Thus, the aim of the present study was to develop a fast, simple, and reliable method for the simultaneous preparation and a single-run RP-HPLC determination of indolic compounds related to bacterial IAA production. In our study, we included IAA (product), Trp (precursor) and all five known and stable intermediates of IAA biosynthesis: IAM, IAN, indole-3-lactic acid (ILA), TAM and TOL. ILA and TOL are products of the enzymatic reduction of IPyA and indole-3-acetaldehyde (IAAld), respectively. These latter two compounds are unstable and do not accumulate in bacterial cultures (Carreno-Lopez et al. 2000).

Experimental

Materials and reagents

Indole-3-acetic acid and l-tryptophan were purchased from Roth (Karlsruhe, Germany). Indole-3-acetamide, indole-3-acetonitrile, tryptamine, DL-indole-3-lactic acid, indole-3-ethanol and 3-kDa cut-off membrane centrifugal filters (Amicon Ultra 0.5 ml centrifugal filters Z677094) were obtained from Sigma-Aldrich Inc. (St. Louis, MO, USA). HPLC-grade acetonitrile and methanol were purchased from POCH SA (Gliwice, Poland). All aqueous solutions were prepared using ultra-pure Milli-Q water.

Preparation of calibration curves and spike recovery analysis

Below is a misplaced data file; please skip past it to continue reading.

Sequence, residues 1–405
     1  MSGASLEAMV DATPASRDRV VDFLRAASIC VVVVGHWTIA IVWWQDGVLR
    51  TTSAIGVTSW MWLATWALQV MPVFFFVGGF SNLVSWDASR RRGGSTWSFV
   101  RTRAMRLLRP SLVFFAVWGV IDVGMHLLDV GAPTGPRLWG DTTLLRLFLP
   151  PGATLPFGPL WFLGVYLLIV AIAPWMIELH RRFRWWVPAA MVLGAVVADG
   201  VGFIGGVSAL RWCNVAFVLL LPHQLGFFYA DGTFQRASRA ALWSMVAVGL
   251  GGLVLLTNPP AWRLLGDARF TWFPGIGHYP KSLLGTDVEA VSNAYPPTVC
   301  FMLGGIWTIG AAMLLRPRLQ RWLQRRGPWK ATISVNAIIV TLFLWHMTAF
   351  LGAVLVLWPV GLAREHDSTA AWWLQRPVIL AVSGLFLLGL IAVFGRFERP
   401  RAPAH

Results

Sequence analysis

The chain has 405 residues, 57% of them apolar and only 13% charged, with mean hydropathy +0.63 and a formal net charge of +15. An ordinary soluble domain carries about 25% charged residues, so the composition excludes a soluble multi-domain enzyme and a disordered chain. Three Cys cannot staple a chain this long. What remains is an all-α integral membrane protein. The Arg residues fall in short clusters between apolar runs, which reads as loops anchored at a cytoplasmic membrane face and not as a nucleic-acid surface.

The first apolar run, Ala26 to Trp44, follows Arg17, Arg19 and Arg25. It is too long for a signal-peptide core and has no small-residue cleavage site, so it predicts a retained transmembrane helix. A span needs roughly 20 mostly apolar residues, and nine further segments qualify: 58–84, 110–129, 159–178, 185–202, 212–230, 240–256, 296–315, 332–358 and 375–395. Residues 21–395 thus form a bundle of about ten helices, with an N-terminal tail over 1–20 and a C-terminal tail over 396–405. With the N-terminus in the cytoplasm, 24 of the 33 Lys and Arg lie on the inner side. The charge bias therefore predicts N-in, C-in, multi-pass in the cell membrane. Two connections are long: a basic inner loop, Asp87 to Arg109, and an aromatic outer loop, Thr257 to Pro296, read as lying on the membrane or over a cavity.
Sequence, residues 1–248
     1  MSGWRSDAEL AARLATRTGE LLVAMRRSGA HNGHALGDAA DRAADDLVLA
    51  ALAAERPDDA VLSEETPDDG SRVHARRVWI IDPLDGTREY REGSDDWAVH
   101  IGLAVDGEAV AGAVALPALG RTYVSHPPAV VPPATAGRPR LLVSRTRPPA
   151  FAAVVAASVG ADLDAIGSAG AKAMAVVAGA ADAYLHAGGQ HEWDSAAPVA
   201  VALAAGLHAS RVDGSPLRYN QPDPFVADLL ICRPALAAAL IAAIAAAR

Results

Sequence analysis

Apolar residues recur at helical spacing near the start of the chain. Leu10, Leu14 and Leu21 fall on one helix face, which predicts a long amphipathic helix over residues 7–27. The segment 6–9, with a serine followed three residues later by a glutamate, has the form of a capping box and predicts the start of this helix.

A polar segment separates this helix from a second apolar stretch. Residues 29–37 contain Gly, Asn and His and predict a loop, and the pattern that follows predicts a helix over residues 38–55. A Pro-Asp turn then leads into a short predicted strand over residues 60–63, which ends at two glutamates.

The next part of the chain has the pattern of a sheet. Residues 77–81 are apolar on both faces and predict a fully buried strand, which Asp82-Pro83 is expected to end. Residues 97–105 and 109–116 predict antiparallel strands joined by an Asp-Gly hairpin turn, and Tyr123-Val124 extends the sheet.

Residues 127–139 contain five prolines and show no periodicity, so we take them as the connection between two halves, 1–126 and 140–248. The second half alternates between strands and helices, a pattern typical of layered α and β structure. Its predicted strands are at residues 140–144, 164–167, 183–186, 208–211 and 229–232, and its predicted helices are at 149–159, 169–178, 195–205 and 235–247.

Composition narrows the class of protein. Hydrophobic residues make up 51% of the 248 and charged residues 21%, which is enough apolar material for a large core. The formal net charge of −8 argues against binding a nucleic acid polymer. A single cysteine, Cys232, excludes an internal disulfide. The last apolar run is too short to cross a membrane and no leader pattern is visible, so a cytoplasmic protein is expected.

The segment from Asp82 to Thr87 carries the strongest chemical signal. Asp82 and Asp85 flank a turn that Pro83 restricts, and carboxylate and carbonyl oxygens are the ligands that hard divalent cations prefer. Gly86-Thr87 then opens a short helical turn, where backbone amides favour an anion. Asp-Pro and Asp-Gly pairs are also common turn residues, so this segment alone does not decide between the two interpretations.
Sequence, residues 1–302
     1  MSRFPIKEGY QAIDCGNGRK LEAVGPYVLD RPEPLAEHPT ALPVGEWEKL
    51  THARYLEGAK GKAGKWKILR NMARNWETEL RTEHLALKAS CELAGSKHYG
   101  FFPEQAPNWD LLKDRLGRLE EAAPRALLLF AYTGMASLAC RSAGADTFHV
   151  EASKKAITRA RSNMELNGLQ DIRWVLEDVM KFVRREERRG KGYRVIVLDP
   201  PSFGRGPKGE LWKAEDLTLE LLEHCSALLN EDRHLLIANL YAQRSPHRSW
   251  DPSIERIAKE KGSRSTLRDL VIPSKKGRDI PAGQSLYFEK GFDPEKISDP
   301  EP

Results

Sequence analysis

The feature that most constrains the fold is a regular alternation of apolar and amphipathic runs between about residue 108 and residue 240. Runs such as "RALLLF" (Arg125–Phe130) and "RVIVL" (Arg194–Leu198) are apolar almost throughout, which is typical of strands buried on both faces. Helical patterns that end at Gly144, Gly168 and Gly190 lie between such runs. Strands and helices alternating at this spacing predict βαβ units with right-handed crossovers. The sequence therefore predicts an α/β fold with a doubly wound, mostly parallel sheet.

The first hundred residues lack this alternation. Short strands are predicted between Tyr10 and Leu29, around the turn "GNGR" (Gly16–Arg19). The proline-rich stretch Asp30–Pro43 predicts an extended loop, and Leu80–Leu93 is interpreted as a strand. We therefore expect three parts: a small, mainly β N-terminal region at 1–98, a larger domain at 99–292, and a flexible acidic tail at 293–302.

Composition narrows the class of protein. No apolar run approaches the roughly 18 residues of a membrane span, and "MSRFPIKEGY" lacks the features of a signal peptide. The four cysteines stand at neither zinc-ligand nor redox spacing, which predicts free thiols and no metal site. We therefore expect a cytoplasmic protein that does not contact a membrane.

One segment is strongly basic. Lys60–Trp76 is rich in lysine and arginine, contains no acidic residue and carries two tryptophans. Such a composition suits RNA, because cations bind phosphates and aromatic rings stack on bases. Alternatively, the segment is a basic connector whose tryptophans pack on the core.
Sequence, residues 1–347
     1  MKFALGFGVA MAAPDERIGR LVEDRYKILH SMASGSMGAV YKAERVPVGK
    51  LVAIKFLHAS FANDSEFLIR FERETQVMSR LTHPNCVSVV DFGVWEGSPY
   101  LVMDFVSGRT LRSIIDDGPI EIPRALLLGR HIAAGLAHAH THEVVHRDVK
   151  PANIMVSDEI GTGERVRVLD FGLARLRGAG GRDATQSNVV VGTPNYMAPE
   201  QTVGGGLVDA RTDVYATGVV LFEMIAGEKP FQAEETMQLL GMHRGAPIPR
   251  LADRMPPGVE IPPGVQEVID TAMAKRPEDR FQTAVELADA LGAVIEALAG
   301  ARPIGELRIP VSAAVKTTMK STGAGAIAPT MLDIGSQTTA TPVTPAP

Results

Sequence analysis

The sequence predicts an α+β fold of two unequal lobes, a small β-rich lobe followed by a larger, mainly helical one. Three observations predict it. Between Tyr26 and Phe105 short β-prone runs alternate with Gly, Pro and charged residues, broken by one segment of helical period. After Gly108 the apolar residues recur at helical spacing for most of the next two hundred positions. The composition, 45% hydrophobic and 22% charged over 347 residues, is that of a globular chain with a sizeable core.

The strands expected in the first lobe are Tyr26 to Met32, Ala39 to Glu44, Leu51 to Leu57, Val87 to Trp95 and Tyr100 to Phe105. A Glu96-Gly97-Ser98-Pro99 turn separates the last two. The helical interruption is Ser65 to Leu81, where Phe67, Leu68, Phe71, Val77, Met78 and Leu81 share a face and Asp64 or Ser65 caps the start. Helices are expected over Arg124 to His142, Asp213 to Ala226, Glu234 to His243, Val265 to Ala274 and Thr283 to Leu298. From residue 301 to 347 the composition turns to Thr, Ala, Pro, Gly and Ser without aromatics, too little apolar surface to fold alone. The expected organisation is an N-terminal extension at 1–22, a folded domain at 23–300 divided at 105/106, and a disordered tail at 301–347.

The standard stock solutions (15 mg mL−1) of IAA, IAM, IAN, ILA, TAM and TOL were prepared in methanol. The standard Trp stock solution (15 mg mL−1) was prepared in water. A series (n = 13) of working solutions for each standard, ranging in concentration from 0.0625 to 125 μg mL−1, were prepared by appropriate dilution of the stock solution with methanol. All standard solutions were analyzed in triplicate. Calibration curves were constructed by performing a linear regression analysis of the peak area versus the analyte concentration. The limit of detection of each analyte was calculated from the chromatograms at a signal-to-noise ratio of 3.

To determine the recovery of the studied indolic compounds from bacterial broth during sample preparation, standards were spiked into sterile King B liquid medium (King et al. 1954) at three different concentrations. Bacterial broth was processed with the sample preparation procedure described below.

Bacterial strain and culture conditions